On Tuesday afternoon, a group of tech professionals in Pittsburgh who work at Google—but not for Google—voted to form a union. It’s likely the first time that white-collar workers in the technology industry have done so. The workers are employed by the India-owned firm HCL America. Forty-four of them voted yes in the election, which they’ve asked the National Labor Relations Board to certify. Twenty-two voted against it.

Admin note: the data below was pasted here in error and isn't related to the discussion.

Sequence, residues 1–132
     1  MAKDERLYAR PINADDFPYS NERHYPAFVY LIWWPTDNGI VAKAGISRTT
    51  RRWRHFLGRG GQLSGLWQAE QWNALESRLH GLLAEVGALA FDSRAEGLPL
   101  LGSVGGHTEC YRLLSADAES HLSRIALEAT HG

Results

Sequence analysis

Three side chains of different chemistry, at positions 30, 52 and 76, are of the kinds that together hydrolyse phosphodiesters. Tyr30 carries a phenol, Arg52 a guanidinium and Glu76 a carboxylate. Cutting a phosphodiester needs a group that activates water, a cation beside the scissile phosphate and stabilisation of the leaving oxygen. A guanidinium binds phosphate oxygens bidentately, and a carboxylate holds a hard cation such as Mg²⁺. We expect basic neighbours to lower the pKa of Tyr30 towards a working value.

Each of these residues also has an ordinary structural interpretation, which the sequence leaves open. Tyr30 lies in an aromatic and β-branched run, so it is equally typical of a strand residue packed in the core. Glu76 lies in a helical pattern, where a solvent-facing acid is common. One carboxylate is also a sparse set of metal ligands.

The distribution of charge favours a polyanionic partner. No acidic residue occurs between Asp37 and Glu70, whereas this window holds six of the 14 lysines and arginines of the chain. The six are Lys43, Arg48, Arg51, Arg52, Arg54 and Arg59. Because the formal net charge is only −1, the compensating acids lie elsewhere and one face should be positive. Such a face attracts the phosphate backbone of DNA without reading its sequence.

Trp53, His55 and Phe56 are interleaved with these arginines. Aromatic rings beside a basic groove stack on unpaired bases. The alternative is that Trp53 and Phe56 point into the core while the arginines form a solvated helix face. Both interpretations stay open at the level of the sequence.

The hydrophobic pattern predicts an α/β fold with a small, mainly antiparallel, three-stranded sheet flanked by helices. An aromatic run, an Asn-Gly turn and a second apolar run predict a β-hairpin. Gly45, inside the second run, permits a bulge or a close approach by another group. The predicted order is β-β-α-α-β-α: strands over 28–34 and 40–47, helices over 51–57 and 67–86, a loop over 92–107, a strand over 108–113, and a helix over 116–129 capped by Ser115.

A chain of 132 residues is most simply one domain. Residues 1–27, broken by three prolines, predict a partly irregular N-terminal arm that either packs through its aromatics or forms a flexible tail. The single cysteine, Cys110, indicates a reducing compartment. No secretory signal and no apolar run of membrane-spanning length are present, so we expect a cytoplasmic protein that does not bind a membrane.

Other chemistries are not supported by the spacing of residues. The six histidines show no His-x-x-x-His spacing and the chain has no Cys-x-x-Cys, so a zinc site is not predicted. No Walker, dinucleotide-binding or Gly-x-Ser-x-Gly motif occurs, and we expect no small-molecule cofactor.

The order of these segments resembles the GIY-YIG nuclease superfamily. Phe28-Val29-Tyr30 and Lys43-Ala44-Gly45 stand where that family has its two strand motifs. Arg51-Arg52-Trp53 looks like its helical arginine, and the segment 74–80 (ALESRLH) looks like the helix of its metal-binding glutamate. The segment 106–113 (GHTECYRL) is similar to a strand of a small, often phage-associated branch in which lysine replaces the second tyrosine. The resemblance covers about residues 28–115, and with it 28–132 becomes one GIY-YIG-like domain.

The contractors work on the Google Shopping platform, in the same Pittsburgh offices as full-time Googlers directly employed by the company. They’re colleagues, eating lunch together and working on the same projects, and like the Google employees, the contractors are skilled workers with college degrees. But unlike Google staff, they don’t have the company’s generous benefits, are paid less, and say they have little to no job security. The precariousness of their employment isn’t hypothetical: In March, Google swiftly cut the jobs of about 34 temp workers on its voice assistant. Google workers employed by HCL feared they could be let go at any moment too. “We have at-will employment, so there’s really not much protecting us, and that is one of the main things that we’re hoping to gain in bargaining, more security,” said Ben Gwin, one of the HCL workers. Currently, the subcontractor’s employees aren’t given any paid sick days either, Gwin said.